[image|number=2|float=left]It’s interesting that in the Old Testament, the first murderer was Cain, and God dealt with him correctly, and He didn’t kill him. He, in fact, put a mark on him so nobody would. In the New Testament, you get Jesus with the woman taken in adultery, and the proper Mosaic punishment for that was capital punishment. Jesus didn’t in any way suggest that or support that. He shamed the men, they left, and then he said, “Don’t sin anymore.” I think that, plus the fact that DNA evidence indicates that sometimes we convict people then later we discover they weren’t guilty. If we keep them in prison rather than kill them, we can correct that tragic mistake.
We all know that poor people and minorities get the death sentence much faster than other people who can afford good lawyers. I never really have understood why killing people who have killed somebody else is the best way to convince people not to kill people or to respect the sanctity of human life. We have to, of course, protect society from dangerous people. We need to put some people in prison for life, but I think that respects the sanctity of human life more than simply executing them.
Your position on capital punishment and some other things that you’ve said have caused some to lump you with a group called the evangelical left. Do you accept that label? I regularly resist the suggestion that I am left or right. I am, in terms of current political things, clearly on the right on things like sanctity of human life, abortion, euthanasia, also on the issue of gay marriage. At the same time, on some other issues, I would be on the political left. I regularly have trouble voting in presidential elections because the one party is closer to where I am on some issues, the other party is closer on other issues. I’ve voted both ways at the presidential level.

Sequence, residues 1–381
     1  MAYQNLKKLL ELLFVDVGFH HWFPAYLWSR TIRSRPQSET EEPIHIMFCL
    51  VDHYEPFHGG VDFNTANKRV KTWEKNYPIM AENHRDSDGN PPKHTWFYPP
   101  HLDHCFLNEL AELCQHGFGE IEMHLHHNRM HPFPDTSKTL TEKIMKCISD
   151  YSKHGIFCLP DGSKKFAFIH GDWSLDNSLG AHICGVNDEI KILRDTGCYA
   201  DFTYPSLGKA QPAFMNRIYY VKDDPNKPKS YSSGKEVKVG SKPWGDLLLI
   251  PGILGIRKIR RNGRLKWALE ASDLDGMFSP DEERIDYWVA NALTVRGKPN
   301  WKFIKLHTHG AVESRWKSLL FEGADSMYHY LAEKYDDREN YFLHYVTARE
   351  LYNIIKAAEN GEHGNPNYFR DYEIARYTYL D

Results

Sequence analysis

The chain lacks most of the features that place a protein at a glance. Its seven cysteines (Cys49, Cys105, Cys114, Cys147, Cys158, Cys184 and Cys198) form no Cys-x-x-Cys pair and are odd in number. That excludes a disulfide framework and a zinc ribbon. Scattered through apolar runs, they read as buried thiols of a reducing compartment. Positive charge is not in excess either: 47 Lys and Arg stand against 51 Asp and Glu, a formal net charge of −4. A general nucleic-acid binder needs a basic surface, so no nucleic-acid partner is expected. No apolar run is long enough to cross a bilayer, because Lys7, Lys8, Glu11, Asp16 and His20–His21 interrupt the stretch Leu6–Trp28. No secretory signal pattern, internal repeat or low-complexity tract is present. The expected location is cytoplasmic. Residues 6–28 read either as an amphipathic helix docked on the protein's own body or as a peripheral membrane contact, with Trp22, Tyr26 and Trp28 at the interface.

How do you decide? What if you agree with a Democrat on eight or 10 issues, but they’re wrong on the life issue or they’re wrong on gay marriage? In your mind, do you differentiate between a vital few issues and a trivial many issues, or do you give them all equal weight? I have tried to spell out in my book, Just Politics, how I approach the issues of public policy, I hope, in a biblically informed way. I don’t think there is one issue that trumps everything else.
But isn’t the life issue—a million babies being aborted every year—one that would trump how much money we spend on some welfare program? Tens of millions of people die every year of starvation and diseases that we could easily prevent. There are millions and millions of people dying on a whole range of issues.